It's a friend’s birthday this weekend. She’s moving house and getting rid of a lot of clutter in the process. This gave me cause for concern: what does one buy for someone who’s trying to get rid of everything? Then I realised - something edible of course. I decided that 'something' should be truffles.
I mentioned in my very first post on this blog that I love the combination of chocolate and citrus. In particular, I love chocolate and orange together (in time, it’s pretty much guaranteed that an inordinate number of recipes on my blog will bring together these two ingredients), so when thinking about what type of truffles to make, my immediate thought was chocolate orange. “Can’t really get better than that” I thought. Oh, how wrong I was. Following a bit of online research, I stumbled across a truffle recipe that combined chocolate and orange and shortbread and cranberries. I know, amazing right?! So below is my adaptation of said recipe.These truffles are a sophisticated, grown-up chocolate, but be warned, they are not for the faint-hearted. A friend who ate one commented that he thought it was going to kill him, accusing me of chocolate poisoning (yes, believe it or not, such a thing does exist). He swiftly went back for a second though so he obviously figured, if he was going to die, this was a good way to go!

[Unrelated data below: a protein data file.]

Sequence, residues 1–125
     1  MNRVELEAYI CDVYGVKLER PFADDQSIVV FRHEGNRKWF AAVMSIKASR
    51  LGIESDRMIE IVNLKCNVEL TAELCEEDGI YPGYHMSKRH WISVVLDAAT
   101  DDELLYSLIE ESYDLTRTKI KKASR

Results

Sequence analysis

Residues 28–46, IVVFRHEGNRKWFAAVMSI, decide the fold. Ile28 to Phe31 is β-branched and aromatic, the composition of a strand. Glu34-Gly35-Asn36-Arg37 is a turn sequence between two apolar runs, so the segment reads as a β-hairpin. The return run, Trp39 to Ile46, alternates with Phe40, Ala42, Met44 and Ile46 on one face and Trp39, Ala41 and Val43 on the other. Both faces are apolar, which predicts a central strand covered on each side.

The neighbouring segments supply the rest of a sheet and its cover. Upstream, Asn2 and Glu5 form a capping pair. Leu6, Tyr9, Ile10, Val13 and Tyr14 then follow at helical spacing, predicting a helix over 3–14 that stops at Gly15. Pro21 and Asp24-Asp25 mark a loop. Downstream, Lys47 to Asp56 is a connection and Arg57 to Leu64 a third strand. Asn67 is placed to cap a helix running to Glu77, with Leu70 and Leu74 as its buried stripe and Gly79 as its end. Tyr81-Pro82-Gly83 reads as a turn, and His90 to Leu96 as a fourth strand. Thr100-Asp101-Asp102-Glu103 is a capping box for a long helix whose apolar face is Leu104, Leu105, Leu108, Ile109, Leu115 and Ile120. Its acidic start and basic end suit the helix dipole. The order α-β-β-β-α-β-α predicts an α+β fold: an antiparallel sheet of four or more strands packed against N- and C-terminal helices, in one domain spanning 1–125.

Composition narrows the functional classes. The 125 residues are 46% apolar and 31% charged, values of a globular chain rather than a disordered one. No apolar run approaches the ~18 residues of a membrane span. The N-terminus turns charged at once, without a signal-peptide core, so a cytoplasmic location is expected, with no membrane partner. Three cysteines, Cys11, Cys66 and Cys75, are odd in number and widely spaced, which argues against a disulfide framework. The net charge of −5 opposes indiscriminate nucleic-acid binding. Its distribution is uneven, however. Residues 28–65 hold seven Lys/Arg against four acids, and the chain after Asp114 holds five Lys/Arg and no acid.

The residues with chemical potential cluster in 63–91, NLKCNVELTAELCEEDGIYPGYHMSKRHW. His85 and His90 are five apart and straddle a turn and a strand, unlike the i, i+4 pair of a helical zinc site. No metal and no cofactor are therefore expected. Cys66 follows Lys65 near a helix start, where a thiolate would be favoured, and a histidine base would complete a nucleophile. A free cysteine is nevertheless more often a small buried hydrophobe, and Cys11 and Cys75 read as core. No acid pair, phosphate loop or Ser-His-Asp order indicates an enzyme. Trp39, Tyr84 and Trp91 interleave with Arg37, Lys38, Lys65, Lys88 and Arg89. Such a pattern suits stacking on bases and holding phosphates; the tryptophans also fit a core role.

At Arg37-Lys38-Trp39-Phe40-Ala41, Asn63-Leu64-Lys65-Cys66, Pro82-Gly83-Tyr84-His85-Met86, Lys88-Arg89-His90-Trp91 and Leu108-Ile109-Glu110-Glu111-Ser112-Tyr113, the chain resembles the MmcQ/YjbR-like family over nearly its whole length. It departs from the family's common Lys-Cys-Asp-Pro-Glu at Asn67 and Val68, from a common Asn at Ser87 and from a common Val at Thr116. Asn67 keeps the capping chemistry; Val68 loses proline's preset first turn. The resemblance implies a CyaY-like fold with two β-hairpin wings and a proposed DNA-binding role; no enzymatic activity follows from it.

Adapted from BBC Good Food’s Chocolate biscuit truffles
Makes approx 45 truffles
- 350g dark chocolate (70%), roughly chopped
- 350ml double cream
- Zest of 1 orange and approx. 2 tbsp juice of the orange
- 75g unsalted butter, softened and cut into cubes
- 5 shortbread biscuits, broken up into small pieces
- 2 tbsp dried cranberries
- Cocoa powder or desiccated coconut for rolling
Place the cream in a saucepan with the orange zest and bring to the boil. Once boiling, remove from the heat.Turn on the food processor again and pour the cream very slowly onto the chocolate, mixing until you have a smooth emulsion. If the mixture splits, process for a couple more minutes and it should rectify itself.
Add the cubes of butter, one by one, to the chocolate cream and beat until the butter has been incorporated, then add the orange juice and mix for a further few seconds. You should end up with a smooth, beautifully glossy ganache.
Pour the mixture into a bowl and stir in the biscuit pieces and cranberries.Refrigerate for an hour.
Line a baking tray with greaseproof paper.When the chocolate mixture has set, spoon into truffle sized chunks. Working quickly (and ideally with cold hands that have been dusted lightly with cocoa powder), roll the chunks lightly into circular balls and then drop into cocoa powder or desiccated coconut, ensuring an even overall coating.
Place on the baking tray and refrigerate to set.The truffles will keep for one to two weeks if kept in the fridge.
My chocolate orange biscuit truffles, packaged up in cellophane, tulle and ribbon for the birthday girl